I recently spent a semester teaching writing at an elite liberal-arts college. At strategic points around the campus, in shades of yellow and green, banners displayed the following pair of texts. The first was attributed to the college’s founder, which dates it to the 1920s. The second was extracted from the latest version of the institution’s mission statement:
The paramount obligation of a college is to develop in its students the ability to think clearly and independently, and the ability to live confidently, courageously, and hopefully.
Let us take a moment to compare these texts. The first thing to observe about the older one is that it is a sentence. It expresses an idea by placing concepts in relation to one another within the kind of structure that we call a syntax. It is, moreover, highly wrought: a parallel structure underscored by repetition, five adverbs balanced two against three.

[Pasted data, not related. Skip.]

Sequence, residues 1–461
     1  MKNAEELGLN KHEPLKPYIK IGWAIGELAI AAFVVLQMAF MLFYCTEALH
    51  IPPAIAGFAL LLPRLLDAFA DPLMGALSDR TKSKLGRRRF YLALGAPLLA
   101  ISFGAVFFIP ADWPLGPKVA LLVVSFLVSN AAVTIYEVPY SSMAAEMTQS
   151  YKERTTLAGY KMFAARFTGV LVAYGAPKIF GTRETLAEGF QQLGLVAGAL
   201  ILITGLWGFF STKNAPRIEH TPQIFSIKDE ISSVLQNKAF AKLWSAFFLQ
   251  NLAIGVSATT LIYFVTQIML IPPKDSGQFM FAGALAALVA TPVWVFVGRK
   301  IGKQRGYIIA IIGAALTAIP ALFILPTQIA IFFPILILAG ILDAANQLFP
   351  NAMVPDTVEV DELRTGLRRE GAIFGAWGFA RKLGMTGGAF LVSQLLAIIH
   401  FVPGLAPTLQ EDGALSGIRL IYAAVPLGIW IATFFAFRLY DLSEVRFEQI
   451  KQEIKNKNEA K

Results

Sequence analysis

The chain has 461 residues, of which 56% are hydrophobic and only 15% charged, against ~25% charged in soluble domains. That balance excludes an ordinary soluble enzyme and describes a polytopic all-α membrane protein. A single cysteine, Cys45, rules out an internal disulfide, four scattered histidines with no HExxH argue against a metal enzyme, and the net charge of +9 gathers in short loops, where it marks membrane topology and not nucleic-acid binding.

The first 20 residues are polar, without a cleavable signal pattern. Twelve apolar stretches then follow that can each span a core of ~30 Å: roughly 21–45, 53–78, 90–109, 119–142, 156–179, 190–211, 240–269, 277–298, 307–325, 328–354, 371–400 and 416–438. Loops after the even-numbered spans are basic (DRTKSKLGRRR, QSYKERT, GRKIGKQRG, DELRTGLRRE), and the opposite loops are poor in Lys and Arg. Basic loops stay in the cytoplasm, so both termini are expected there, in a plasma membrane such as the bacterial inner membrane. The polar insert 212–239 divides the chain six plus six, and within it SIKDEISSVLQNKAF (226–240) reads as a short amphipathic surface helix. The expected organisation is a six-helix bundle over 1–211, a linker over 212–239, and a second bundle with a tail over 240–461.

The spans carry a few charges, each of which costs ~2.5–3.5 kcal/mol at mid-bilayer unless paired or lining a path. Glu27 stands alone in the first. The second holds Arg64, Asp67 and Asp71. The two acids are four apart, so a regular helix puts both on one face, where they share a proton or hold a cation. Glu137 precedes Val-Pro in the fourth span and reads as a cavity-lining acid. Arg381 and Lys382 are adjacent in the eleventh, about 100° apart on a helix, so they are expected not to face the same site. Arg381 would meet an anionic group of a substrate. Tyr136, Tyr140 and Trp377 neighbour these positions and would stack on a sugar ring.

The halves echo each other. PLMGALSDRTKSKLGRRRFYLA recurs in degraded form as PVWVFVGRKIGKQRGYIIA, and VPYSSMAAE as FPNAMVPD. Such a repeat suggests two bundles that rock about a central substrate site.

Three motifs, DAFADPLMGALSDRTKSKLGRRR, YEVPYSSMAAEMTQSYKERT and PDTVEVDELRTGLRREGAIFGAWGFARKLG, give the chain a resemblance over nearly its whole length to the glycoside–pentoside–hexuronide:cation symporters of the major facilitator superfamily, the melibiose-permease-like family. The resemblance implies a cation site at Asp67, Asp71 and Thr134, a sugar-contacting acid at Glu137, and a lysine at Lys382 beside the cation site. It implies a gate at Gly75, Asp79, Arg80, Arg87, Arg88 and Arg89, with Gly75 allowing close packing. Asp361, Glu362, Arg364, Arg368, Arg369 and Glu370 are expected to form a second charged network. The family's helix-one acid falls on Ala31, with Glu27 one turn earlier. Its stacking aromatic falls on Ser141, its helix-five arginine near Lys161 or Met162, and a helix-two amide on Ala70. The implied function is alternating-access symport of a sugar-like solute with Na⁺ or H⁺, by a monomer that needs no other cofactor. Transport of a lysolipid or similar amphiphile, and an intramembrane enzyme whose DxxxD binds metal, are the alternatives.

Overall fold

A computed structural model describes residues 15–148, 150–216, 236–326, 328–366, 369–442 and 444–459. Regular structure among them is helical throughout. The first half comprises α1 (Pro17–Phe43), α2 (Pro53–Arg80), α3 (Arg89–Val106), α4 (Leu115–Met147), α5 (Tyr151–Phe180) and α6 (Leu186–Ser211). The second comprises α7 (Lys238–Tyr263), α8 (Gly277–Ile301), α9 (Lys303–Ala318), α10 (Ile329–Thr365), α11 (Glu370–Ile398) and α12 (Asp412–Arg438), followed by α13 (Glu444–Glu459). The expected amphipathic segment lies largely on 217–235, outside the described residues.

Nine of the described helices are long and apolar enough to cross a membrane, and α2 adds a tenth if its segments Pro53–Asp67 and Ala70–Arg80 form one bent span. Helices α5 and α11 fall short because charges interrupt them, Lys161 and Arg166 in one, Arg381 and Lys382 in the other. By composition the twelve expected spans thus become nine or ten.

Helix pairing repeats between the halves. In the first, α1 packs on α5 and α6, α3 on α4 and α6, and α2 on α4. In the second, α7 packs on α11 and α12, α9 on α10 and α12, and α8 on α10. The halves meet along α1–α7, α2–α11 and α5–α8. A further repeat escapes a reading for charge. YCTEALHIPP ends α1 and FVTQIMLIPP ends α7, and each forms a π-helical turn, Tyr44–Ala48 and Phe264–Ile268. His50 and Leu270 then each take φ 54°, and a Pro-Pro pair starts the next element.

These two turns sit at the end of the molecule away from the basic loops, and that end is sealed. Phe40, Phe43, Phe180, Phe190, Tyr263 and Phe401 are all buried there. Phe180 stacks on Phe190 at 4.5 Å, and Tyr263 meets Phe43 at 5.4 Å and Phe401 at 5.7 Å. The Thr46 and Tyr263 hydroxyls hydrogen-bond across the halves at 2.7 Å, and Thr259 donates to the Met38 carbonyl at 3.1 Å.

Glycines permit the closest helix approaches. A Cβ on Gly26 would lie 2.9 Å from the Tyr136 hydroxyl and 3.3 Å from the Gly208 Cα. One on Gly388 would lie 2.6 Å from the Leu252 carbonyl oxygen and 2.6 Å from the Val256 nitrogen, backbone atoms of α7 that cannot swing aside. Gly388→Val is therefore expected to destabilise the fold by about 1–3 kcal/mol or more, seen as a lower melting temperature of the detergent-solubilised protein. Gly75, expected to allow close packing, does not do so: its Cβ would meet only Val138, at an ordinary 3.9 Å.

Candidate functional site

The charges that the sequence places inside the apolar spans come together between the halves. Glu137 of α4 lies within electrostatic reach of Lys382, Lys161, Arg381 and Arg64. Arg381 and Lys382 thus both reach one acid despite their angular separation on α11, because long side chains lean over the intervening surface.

Percentage of Britons who cannot name the city that provides the setting for the musical Chicago:
An Australian entrepreneur was selling oysters raised in tanks laced with Viagra.
A naked man believed to be under the influence of LSD rammed his pickup truck into two police cars.
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“Shelby is waiting for something. He himself does not know what it is. When it comes he will either go back into the world from which he came, or sink out of sight in the morass of alcoholism or despair that has engulfed other vagrants.”